How much do you know about VAT?

What is VAT?

Value Added Tax is a government tax on goods and services, and it's based on the increase in value of a product or service at each stage of production and distribution.

It was initially brought in during Edward Heath's prime ministership in 1973, as part of the UK's condition of joining what was then the European Economic Community, and it started off as a simple 10% tax on nearly all goods bought from a business. It replaced the Purchase Tax, which was a complicated system with numerous different rates within it, and is administered by HMRC. VAT is the third largest source of government revenue after income tax and National Insurance, and it generated £125.3 billion in 2017/2018.

Do I need to register for VAT?

All businesses that provide taxable goods and services must register for VAT if their turnover is more than £85,000, although if they have a lower turnover they can still register.

Registered businesses must pay HMRC the VAT they have charged, but they may offset this with the VAT they have incurred on goods or services they have purchased.

How much do you know about VAT? - colleagues at computer screen

HMRC's Flat Rate Scheme allows a VAT registered business with a turnover of less than £150,000 per annum to pay a fixed percentage of its turnover to HMRC every three months. The scheme is intended to help small businesses by reducing the paperwork and allowing new companies to keep some of the VAT they charge their customers.

The standard rate of VAT in the UK is currently 20%, but contrary to popular belief there are also reduced rates which are charged at 5%. Other items are zero-rated and some are completely exempt. It's a complicated system – take a look:

VAT rates for different goods and services

1. The following items are among those charged at the standard rate:

  • Alcoholic drinks
  • Biscuits – but only if they're covered in chocolate
  • Hot takeaway food such as burgers
  • Prams and pushchairs
  • Taxi fares
  • Fruit juice and other cold drinks (but excluding milk)
  • Delivery charges
  • Cereal bars

2. The following items are among those charged at the 5% reduced rate:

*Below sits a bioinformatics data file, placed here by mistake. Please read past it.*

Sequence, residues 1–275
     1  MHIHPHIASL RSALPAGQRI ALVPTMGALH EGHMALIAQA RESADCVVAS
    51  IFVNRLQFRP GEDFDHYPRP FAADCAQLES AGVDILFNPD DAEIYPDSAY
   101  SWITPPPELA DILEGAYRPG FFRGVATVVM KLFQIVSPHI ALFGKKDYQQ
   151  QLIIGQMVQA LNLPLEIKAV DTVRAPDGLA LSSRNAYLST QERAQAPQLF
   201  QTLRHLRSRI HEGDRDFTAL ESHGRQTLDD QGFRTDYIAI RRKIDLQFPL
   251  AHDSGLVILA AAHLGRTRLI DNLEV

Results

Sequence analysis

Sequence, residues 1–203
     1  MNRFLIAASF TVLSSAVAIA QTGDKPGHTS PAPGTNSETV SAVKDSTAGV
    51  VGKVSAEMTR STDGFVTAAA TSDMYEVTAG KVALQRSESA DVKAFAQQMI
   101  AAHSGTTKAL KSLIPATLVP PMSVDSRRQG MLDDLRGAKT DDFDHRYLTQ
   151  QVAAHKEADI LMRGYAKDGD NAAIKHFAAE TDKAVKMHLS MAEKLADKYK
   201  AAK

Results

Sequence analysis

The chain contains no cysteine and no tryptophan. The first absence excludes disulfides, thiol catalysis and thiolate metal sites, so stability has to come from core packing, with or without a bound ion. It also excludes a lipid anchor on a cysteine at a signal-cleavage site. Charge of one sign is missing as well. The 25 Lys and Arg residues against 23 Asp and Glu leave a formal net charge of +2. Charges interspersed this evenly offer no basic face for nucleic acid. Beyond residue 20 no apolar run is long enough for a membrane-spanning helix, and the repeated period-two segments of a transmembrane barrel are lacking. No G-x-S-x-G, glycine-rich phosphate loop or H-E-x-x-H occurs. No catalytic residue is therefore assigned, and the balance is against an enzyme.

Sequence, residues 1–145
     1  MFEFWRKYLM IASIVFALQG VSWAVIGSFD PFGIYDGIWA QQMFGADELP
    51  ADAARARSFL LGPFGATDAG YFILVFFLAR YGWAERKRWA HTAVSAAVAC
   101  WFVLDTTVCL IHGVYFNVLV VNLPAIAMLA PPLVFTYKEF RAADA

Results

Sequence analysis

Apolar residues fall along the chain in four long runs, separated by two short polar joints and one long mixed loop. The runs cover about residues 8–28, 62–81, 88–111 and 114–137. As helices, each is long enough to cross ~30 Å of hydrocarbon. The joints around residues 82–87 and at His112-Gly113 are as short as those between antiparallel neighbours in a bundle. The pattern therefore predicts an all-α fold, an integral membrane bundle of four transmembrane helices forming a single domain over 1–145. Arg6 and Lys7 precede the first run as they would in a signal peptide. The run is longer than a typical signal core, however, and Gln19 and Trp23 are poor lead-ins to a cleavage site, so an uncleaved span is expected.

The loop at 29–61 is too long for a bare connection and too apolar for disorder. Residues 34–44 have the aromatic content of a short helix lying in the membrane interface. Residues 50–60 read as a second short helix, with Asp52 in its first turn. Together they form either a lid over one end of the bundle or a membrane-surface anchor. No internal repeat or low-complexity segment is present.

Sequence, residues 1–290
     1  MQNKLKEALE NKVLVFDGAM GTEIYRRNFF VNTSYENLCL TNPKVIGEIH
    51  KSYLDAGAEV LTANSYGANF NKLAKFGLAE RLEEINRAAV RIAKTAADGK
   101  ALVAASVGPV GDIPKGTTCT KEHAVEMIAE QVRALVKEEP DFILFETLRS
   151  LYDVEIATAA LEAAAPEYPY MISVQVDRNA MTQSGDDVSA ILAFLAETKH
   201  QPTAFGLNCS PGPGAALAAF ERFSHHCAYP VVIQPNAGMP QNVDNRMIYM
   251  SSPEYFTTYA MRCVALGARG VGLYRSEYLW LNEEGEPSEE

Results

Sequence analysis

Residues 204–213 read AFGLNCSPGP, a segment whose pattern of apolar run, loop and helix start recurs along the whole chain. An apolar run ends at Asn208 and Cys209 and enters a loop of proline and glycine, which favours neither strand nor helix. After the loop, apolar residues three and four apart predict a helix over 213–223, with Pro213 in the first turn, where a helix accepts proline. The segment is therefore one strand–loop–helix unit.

• Children's car seats
  • Energy saving materials, but only if permanently installed in residential or charity premises
  • Sanitary protection
  • Smoking cessation products
  • Mobility aids for the elderly
  • Electricity, gas, heating oil and solid fuel (domestic/residential/charity/non-business applications)

3. These items are zero-rated:

  • Chartering an aircraft
  • Biscuits (but only if they're not covered with chocolate)
  • Bread
  • Construction and sale of new domestic buildings
  • Protective boots and helmets
  • Sandwiches (but only if they're cold)
  • Public transport fares

4. These items are among those which are exempt:

  • Cultural events
  • Selling, leasing and letting commercial land and buildings
  • Health services
  • Postage stamps
  • Financial services such as money transactions, loans/credits, savings/deposits, shares/bonds
  • Insurance

If you run a small business, VAT compliance can seem like a daunting task. Here at AMR Bookkeeping Solutions we can help keep track of your payments, expenses, receipts, income and outgoings, give reliable financial advice and guidance and help with online submission of VAT returns. We ensure your books are in the best possible order to be passed over to your accountant for the presentation of your annual accounts. Why not get in touch and let us help with your VAT issues.

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